This dehumanization or at the very least disgust that seems to dominate today only furthers the divides between opposing tribes, and is totally antithetical to the original plan for our democracy. Disagreement and discussion are good things when handled properly with civility, but our tribes have become so divided and closed-minded that we aren’t even able to disagree well anymore.

This plays out practically in the stalemates and inability to compromise we see in government today. Congress seems unable to legislate in many cases because neither side seems willing to compromise. Instead, the party in control of the Executive branch ends up legislating via Executive Order, which is no way to run a democracy that’s supposed to equitably represent its constituents.

Where do we go from here?

This is the question of the day, isn’t it? It’s easy to say that we should learn to disagree without dehumanizing, love your neighbor as yourself (even if they hold staunchly opposed views to your own), etc… But how do we put this into practice?

One easy way to start is to get more comfortable getting outside our comfort zones and echo chambers. Read a newspaper or website that you wouldn’t normally read. Turn the channel to one you wouldn’t normally watch. Have a meaningful conversation with that neighbor down the street or that family member that you’ve blocked on Facebook because of their annoying posts.

I think you’ll find that you have far more in common than you would like to think. You’re each dealing with the same struggles, sins, and worries. So go out of your way to be human and put aside the tribal differences of opinion. Love one another.

Book Review: Deep Work

After a recommendation, I decided to pick this book up. Something I’ve been focused on a lot recently is trying to think above just my day to day tasks and actions and focus more on higher-level thinking and decisions that can have a larger impact outside my immediate sphere of influence. This book offers several case studies for “deep work” as the author defines it, as well as tips and tricks for spending more time in a focused, uninterrupted state.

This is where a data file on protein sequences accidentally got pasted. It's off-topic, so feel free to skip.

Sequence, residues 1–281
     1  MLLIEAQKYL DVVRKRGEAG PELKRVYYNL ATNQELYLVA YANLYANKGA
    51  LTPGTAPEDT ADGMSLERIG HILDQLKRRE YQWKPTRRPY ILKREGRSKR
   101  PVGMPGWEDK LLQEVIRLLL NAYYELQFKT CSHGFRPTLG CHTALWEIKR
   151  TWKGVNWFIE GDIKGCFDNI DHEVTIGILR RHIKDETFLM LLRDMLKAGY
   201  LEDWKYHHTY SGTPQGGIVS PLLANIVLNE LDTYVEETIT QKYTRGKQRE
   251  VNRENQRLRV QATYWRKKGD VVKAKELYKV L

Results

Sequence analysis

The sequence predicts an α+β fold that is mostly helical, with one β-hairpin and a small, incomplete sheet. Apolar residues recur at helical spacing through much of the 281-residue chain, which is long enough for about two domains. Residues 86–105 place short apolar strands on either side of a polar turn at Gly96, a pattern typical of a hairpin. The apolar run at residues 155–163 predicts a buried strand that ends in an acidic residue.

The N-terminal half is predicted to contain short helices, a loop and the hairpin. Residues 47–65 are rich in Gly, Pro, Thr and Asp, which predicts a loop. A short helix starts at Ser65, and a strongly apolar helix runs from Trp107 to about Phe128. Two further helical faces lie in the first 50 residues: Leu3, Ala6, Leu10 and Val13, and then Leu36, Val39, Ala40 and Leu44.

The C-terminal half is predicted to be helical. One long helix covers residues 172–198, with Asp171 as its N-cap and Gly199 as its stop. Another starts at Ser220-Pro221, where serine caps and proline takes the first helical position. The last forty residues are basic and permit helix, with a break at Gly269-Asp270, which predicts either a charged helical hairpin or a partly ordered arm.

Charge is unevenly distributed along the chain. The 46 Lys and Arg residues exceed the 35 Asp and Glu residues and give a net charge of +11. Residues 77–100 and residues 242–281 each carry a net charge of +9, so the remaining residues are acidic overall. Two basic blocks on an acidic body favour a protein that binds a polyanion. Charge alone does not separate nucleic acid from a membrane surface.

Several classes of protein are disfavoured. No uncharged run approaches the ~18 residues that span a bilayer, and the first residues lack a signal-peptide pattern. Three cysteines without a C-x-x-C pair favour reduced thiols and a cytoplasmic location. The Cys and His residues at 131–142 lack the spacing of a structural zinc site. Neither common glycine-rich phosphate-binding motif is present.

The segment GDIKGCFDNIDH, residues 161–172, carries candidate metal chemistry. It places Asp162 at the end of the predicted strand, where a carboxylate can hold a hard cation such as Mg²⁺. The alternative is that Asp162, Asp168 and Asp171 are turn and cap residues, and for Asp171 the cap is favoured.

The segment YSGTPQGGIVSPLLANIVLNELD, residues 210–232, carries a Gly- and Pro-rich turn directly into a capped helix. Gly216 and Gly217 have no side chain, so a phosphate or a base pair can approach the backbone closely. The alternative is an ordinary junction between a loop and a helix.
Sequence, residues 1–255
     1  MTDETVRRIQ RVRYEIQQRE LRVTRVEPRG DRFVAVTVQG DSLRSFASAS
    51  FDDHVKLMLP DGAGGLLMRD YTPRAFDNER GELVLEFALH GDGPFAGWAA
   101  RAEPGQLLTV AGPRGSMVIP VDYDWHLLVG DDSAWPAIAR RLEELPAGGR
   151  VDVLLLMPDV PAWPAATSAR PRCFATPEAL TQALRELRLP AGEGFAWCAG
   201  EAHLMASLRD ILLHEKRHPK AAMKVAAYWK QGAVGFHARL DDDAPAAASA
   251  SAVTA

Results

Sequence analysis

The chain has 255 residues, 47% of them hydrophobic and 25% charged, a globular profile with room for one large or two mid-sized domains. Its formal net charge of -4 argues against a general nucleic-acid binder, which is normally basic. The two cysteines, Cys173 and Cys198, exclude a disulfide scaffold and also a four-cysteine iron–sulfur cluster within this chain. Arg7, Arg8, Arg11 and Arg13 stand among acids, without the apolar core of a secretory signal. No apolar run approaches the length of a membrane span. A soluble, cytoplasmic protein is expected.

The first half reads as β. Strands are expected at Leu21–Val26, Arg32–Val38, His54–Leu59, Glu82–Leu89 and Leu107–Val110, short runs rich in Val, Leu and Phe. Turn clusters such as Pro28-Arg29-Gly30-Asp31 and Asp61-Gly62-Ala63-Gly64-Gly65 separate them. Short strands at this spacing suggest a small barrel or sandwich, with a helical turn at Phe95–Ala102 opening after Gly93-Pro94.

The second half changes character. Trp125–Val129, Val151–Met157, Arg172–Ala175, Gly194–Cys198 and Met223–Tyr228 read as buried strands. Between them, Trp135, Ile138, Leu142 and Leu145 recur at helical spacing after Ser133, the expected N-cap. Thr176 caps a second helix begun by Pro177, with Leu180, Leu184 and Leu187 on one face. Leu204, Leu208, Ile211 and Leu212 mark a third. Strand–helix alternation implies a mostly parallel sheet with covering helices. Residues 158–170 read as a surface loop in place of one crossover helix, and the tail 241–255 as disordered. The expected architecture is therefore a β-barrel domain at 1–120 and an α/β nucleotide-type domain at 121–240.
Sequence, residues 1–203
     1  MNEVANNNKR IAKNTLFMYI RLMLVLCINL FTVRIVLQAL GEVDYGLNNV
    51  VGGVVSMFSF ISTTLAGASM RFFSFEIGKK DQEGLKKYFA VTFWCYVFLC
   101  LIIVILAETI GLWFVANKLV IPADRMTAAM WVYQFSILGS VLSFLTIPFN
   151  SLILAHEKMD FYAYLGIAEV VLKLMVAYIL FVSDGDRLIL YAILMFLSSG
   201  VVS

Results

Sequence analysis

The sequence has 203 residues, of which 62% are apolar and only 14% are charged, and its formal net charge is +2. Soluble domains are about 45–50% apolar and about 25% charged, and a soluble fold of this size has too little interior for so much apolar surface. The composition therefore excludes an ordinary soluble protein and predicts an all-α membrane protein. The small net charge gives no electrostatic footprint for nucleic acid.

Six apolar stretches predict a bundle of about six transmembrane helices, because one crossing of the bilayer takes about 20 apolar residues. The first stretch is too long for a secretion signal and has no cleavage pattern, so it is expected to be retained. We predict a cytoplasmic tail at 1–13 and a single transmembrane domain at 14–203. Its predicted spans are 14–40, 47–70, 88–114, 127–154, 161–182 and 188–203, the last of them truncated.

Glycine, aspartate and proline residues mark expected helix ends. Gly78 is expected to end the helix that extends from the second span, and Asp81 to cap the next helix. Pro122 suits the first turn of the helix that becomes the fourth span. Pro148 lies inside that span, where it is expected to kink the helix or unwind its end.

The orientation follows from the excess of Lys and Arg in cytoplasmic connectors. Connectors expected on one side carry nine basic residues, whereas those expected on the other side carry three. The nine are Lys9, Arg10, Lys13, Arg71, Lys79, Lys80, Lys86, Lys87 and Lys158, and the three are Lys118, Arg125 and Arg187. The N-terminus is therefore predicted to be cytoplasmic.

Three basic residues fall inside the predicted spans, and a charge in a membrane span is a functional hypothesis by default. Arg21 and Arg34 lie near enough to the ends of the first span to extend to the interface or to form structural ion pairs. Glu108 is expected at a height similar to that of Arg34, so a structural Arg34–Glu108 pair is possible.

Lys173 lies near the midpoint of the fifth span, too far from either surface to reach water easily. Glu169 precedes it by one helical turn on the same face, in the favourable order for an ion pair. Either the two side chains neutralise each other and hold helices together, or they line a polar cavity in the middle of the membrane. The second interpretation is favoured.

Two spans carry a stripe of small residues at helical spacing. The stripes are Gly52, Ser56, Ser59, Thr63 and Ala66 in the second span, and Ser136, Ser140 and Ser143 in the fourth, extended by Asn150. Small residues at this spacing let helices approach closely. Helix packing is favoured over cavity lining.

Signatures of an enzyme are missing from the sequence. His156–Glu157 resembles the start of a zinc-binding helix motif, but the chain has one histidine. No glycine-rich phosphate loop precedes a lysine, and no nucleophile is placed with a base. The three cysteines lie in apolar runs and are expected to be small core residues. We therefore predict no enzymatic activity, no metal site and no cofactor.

What is deep work?

Deep work is the ability to focus without distraction on a cognitively demanding task. It’s a skill that allows you to quickly master complicated information and produce better results in less time.

The key here as I see it is finding the best ways to set yourself up for success to have those long, uninterrupted periods of time that you can use to accomplish “deep work.” Sometimes this means saying no to more meetings or demands on your schedule. Other times it means being intentional with the time you do have control over and using it to its fullest extent.

There’s also the constant pull and distraction of technology (social media, email, etc…) that is just an unlock away on our phones. Being intentional about getting time away from those devices during these deep work states is essential.

I highly recommend taking a look at Deep Work, even if you don’t plan on implementing all of the methods mentioned, I imagine there will be at least something useful you can apply to your personal or professional life.

Greenville friends! If you’re not busy on May 5th, make sure to come check this out. We’ll have lots of great craft vendors, great tacos, and lots of fun for the kids as well. If you’re interested in being a vendor, I can put you in touch with the right folks as well. . . . #greenville #yeahthatgreenville #crafts #missiontrip